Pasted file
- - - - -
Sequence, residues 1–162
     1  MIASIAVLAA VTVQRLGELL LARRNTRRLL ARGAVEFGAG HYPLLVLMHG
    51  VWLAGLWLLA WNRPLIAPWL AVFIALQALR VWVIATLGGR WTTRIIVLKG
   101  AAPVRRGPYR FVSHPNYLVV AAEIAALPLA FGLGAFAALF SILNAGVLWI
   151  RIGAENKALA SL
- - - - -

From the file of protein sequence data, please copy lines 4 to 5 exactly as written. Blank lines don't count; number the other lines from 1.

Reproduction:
   101  AAPVRRGPYR FVSHPNYLVV AAEIAALPLA FGLGAFAALF SILNAGVLWI
   151  RIGAENKALA SL